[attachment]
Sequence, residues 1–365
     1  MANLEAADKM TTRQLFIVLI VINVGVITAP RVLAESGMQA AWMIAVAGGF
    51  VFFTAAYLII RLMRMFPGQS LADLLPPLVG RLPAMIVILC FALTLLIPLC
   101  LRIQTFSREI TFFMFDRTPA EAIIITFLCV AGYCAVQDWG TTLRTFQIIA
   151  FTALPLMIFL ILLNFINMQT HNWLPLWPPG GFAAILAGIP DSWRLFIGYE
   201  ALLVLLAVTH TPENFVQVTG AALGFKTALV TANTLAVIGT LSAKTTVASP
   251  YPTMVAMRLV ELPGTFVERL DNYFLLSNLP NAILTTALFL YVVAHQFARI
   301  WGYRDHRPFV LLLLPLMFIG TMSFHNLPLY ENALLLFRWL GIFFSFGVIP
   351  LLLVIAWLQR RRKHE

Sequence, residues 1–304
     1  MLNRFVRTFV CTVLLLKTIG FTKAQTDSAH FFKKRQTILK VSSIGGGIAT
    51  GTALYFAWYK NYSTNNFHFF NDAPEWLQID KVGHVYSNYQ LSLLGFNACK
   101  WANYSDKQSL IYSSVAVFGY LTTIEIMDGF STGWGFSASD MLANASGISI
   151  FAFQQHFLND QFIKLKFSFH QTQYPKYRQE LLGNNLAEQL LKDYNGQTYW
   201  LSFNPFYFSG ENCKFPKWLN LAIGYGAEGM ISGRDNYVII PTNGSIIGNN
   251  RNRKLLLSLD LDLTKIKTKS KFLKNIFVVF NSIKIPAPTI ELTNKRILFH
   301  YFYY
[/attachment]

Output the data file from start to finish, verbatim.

Sequence, residues 1–365
     1  MANLEAADKM TTRQLFIVLI VINVGVITAP RVLAESGMQA AWMIAVAGGF
    51  VFFTAAYLII RLMRMFPGQS LADLLPPLVG RLPAMIVILC FALTLLIPLC
   101  LRIQTFSREI TFFMFDRTPA EAIIITFLCV AGYCAVQDWG TTLRTFQIIA
   151  FTALPLMIFL ILLNFINMQT HNWLPLWPPG GFAAILAGIP DSWRLFIGYE
   201  ALLVLLAVTH TPENFVQVTG AALGFKTALV TANTLAVIGT LSAKTTVASP
   251  YPTMVAMRLV ELPGTFVERL DNYFLLSNLP NAILTTALFL YVVAHQFARI
   301  WGYRDHRPFV LLLLPLMFIG TMSFHNLPLY ENALLLFRWL GIFFSFGVIP
   351  LLLVIAWLQR RRKHE

Sequence, residues 1–304
     1  MLNRFVRTFV CTVLLLKTIG FTKAQTDSAH FFKKRQTILK VSSIGGGIAT
    51  GTALYFAWYK NYSTNNFHFF NDAPEWLQID KVGHVYSNYQ LSLLGFNACK
   101  WANYSDKQSL IYSSVAVFGY LTTIEIMDGF STGWGFSASD MLANASGISI
   151  FAFQQHFLND QFIKLKFSFH QTQYPKYRQE LLGNNLAEQL LKDYNGQTYW
   201  LSFNPFYFSG ENCKFPKWLN LAIGYGAEGM ISGRDNYVII PTNGSIIGNN
   251  RNRKLLLSLD LDLTKIKTKS KFLKNIFVVF NSIKIPAPTI ELTNKRILFH
   301  YFYY